Saluting the Citizen Soldier: Chicago's Pritzker Military Library Honors the Heritage of the Nation's Armed Forces

Article excerpt

In downtown Chicago, a few blocks from Michigan Avenue's "Magnificent Mile," stands a small private library that honors the nation's military heritage through means ranging from collecting antiquarian volumes to adopting the latest communications technology.

The Pritzker Military Library's mission statement says it aims "to acquire and maintain a collection of materials, and develop appropriate programs focusing on the concept of the Citizen Soldier as an essential element for the preservation of democracy."

The library began in 2003 with an opening-day collection consisting largely of 9,000 volumes donated by founder James N. Pritzker, who retired from the Illinois National Guard with the rank of colonel after serving for 27 years in the U.S. Army and the guard. The opening-day collection, including rare volumes dating to the 18th century, was acquired over four generations by the Pritzkers, a prominent Chicago family known for their philanthropic efforts. The collection now totals some 15,000 volumes, mostly contributed by private donors.

Recently the library acquired a 1,700-item collection focusing on the Marine Corps from retired marine Lt. Col. Robert C. Peithman of Barrington, Illinois. The titles, which have an estimated value of $60,000, range from Gen. Smedley D. Butler's irreverent 1935 speech War Is a Racket and Norman A. Chandler's five-volume series on sniping, Death from Afar, to Richard S. Collum's 1890 History of the United States Marine Corps.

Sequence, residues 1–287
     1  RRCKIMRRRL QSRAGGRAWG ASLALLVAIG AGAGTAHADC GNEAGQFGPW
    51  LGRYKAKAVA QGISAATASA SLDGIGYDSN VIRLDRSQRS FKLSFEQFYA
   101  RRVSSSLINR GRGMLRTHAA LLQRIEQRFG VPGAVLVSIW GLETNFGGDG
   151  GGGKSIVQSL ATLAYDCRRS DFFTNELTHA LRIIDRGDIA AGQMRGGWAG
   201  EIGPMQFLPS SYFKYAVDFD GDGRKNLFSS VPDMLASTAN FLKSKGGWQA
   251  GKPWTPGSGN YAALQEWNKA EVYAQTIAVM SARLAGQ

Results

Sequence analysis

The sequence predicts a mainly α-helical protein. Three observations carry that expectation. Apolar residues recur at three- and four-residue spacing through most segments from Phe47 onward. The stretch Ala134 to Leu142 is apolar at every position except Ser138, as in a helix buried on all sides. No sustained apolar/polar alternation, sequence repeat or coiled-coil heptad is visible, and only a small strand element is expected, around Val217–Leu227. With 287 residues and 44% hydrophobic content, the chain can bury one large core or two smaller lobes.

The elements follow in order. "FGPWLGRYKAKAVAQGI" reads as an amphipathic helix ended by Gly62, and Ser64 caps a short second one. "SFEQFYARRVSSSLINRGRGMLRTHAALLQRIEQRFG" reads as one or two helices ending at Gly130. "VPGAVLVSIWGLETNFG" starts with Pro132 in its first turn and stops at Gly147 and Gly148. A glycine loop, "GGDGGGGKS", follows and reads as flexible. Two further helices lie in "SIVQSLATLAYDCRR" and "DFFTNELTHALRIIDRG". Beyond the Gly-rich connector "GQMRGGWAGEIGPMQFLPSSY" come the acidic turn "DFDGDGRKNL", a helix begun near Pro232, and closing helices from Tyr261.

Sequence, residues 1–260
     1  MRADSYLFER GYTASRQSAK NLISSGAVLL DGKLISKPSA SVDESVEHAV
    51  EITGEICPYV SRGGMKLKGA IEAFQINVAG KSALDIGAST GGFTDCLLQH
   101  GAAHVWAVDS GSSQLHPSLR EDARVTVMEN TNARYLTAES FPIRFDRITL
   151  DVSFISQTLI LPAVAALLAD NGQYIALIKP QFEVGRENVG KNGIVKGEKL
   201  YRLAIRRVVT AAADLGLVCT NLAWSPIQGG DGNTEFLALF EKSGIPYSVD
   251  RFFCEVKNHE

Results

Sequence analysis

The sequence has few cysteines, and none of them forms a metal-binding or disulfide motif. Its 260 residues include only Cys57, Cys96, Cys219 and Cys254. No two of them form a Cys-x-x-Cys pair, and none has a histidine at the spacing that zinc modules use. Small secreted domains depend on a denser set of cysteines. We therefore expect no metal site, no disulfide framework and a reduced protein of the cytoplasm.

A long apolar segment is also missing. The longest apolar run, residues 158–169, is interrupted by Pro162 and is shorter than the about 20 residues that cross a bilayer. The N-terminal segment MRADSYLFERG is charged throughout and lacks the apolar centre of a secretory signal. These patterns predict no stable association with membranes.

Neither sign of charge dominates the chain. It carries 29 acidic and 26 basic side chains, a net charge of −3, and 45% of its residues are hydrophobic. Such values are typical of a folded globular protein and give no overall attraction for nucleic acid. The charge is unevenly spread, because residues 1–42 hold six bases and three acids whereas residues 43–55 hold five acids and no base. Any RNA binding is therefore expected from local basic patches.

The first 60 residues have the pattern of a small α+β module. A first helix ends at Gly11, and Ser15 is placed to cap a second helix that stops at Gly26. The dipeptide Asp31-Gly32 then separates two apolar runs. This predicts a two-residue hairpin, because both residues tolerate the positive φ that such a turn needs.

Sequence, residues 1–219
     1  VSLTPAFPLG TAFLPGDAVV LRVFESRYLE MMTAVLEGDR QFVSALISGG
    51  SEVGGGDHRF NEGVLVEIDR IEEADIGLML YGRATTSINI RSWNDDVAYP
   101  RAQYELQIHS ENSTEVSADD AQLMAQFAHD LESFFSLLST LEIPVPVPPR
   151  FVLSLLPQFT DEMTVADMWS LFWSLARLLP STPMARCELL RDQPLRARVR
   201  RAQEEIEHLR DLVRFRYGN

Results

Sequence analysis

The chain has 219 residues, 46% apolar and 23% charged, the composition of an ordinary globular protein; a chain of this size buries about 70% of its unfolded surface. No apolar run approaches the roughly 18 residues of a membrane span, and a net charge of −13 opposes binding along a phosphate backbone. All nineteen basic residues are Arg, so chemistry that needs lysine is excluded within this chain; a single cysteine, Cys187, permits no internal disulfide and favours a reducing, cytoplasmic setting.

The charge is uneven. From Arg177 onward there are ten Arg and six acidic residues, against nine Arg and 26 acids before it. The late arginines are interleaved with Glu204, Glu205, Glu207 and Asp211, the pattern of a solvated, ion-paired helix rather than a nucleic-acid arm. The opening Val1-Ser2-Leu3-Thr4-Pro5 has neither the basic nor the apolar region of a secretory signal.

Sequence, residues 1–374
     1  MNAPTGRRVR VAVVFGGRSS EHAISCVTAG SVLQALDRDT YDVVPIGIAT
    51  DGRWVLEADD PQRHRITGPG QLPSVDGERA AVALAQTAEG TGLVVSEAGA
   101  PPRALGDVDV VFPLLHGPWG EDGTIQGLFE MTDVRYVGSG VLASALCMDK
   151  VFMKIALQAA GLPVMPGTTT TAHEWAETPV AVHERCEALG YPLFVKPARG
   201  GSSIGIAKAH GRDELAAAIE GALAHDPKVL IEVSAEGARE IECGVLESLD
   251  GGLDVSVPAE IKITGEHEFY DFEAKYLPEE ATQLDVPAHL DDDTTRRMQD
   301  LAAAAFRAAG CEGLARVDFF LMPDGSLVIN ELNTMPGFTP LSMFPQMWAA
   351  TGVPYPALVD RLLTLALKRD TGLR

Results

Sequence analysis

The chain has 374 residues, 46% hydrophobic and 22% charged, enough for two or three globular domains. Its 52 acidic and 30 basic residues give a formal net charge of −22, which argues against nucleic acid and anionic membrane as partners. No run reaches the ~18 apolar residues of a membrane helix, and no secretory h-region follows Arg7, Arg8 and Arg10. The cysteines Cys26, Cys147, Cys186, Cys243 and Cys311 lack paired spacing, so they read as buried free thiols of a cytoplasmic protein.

Other notable donations include a small collection of books and personal papers on prisoners of war from the estate of Jack D. Gordon, a captain in the Army Medical Corps, who was a survivor of the Bataan Death March; and military titles from the personal library of the late Chicago journalist Irv Kupcinet, as well as plaques and awards he received for his service to veterans.

Among the rarities in the Pritzker's collection are a signed copy of Ernest Shackleton's 1911 Heart of the Antarctic, part of a small collection on Antarctic military expeditions; Archibald Duncan's 1806 six-volume Mariner's Chronicle, plus a separate volume of artists' proofs of illustrations from the set; Friedrich von Steuben's 1779 work Regulations for the Order and Discipline of the Troops of the United States; and a signed copy of Joseph Heller's 1961 antiwar novel Catch-22.

Librarian Theresa A. R. Embrey said visitors to the library--who numbered 1,975 from January through November 2005--range from scholars and history buffs to members of the general public. She added that filmmakers have used the library to research period military costumes, and relatives of military members come to search genealogical information.

However, most of the library's usage occurs online. Nearly 2,000 people have taken advantage of free registration to view live and archived webcasts of its programming and search the library's online catalog. The 204 individuals who have purchased associate membership for $100 are granted research and borrowing privileges. Most of the circulation, however, is in the form of interlibrary loans, which have accelerated since the library joined OCLC last July.


Entering the facility, located on the second floor of a vintage building that once housed Chicago's famed Chez Paree nightclub, the first thing a visitor sees is the prominent lecture area set in the library's atrium, with a small stage and seating for 60 people. The stacks of the circulating collection flank the atrium, with additional stacks overlooking it on the mezzanine level. …


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